Environmentalists are celebrating after winning a court case over plans to expand a ski resort in one of Bulgaria’s national parks.
The scheme, approved by Bulgaria’s government late last year, was ruled illegal by the country’s special administrative court on Monday.
Critics claim it would see the construction of 333 kilometres of ski runs through Pirin National Park, a UNESCO World Heritage site.
Bulgaria's environment ministry argues the proposal would see construction in only 2% of the park’s territory and is aimed at boosting winter tourism.
“This is great news for Pirin and its supporters who have been taking to the streets throughout the bitter cold winter months after the government decision in more than 20 cities in Bulgaria and dozens more around the world,” said Katerina Rakovska, a conservation expert for the World Wide Fund for Nature (WWF) in Bulgaria.
“This court decision confirms what WWF has been saying all along: that the plans to open up Pirin to ski infrastructure construction and increased logging are illegal.
“We are delighted with the ruling as it means the government must now ensure that all threats to Pirin, one of Europe’s most special places, are assessed and avoided.”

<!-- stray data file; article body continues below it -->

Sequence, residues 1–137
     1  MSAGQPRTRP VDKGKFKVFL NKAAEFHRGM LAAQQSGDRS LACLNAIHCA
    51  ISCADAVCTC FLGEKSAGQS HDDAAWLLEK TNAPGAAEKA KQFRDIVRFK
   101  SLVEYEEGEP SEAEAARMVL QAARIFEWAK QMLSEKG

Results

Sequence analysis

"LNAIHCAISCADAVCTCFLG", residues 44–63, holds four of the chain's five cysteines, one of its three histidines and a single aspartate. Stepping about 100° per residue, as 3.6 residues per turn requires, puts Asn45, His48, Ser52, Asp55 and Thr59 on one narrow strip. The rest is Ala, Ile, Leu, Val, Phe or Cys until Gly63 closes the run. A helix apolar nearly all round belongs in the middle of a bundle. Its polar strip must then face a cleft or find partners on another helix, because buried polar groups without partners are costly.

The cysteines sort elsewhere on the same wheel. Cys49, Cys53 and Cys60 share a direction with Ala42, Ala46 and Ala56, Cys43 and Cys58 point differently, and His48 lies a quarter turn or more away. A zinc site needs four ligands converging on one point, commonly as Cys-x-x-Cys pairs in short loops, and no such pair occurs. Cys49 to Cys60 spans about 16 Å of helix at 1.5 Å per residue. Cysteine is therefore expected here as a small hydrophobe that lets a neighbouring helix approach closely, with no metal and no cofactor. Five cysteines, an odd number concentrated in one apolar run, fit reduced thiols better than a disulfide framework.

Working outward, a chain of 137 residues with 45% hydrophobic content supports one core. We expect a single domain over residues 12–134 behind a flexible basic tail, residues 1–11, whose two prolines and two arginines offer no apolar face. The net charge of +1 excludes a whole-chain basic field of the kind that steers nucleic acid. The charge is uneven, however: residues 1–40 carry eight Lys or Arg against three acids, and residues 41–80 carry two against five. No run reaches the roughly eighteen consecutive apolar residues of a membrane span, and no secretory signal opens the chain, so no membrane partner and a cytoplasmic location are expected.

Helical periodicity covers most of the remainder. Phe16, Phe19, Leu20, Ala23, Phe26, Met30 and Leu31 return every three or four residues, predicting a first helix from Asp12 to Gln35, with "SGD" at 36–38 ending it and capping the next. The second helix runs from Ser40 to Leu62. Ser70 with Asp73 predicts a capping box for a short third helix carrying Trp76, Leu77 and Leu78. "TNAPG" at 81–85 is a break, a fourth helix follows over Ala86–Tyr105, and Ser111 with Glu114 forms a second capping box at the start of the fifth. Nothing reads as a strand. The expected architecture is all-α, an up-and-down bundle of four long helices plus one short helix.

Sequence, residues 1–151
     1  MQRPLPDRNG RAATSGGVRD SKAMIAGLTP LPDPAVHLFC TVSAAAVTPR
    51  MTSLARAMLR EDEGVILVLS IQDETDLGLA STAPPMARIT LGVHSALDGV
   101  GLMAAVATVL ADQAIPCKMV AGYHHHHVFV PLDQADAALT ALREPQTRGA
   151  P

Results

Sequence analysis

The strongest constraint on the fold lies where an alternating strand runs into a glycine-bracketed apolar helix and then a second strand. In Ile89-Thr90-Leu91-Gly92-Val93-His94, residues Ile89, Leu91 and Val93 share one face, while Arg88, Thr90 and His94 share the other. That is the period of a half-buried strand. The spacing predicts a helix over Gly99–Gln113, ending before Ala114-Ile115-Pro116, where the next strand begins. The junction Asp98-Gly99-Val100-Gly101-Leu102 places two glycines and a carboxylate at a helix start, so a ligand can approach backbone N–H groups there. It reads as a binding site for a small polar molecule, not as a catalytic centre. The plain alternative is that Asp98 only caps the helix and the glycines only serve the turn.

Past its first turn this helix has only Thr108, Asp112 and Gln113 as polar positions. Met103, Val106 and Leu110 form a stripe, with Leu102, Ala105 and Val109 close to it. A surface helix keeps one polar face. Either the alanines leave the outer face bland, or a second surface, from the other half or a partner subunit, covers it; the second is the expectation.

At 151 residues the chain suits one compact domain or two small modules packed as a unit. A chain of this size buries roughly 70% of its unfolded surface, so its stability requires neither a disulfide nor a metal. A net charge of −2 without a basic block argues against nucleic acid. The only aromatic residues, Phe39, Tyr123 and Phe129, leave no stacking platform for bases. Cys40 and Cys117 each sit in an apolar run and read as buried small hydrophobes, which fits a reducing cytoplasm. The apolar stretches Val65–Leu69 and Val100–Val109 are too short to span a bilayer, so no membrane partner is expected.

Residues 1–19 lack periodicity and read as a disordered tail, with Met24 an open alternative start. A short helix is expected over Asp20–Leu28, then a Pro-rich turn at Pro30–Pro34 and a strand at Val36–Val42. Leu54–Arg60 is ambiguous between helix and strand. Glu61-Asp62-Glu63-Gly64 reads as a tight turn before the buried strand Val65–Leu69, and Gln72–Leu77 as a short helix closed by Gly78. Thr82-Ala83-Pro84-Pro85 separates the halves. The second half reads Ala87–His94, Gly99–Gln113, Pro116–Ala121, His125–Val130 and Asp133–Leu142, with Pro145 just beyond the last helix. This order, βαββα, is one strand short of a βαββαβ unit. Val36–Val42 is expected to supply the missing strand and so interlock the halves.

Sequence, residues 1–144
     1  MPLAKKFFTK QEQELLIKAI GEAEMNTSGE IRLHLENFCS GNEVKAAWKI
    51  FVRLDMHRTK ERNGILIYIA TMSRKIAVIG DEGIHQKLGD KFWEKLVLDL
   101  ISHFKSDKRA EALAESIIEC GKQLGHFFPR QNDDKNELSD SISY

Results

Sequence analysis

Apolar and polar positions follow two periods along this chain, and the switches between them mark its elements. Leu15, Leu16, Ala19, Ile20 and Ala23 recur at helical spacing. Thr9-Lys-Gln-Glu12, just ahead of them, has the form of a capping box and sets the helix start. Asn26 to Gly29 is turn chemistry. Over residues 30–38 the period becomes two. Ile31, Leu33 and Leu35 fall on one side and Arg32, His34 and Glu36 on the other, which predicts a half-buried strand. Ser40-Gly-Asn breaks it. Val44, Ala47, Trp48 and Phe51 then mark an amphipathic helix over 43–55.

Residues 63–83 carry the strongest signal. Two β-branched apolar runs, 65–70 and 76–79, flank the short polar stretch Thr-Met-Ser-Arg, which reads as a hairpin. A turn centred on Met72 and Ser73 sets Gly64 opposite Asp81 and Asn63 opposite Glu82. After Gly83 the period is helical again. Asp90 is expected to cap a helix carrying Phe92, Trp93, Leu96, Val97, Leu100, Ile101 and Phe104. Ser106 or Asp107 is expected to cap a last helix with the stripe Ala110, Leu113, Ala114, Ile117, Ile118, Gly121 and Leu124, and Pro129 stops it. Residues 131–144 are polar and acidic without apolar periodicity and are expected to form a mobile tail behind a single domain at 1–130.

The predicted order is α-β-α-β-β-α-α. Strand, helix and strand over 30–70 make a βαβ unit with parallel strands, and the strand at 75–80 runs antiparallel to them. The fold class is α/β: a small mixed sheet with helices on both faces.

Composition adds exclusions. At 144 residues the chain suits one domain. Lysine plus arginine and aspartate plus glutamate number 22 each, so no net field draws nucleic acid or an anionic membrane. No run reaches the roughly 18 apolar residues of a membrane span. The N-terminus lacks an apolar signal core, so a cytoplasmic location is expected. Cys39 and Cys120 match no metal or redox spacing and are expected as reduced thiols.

It comes amid another controversial construction project in one of Bulgaria’s most-cherished nature sites.
Euronews revealed in June that the EU had spent at least €274 million on a motorway that is set to breach its own environmental laws.
It backed construction of a new road from Sofia to Greece on the understanding it would tunnel under Kresna Gorge.
But campaigners say after millions of EU taxpayers’ money was spent on less controversial sections of the road, Sofia scrapped the idea of a tunnel and approved plans to build the road straight through the nature site.
Euronews asked Bulgaria's environment ministry to comment on Monday's court ruling but it has not yet responded.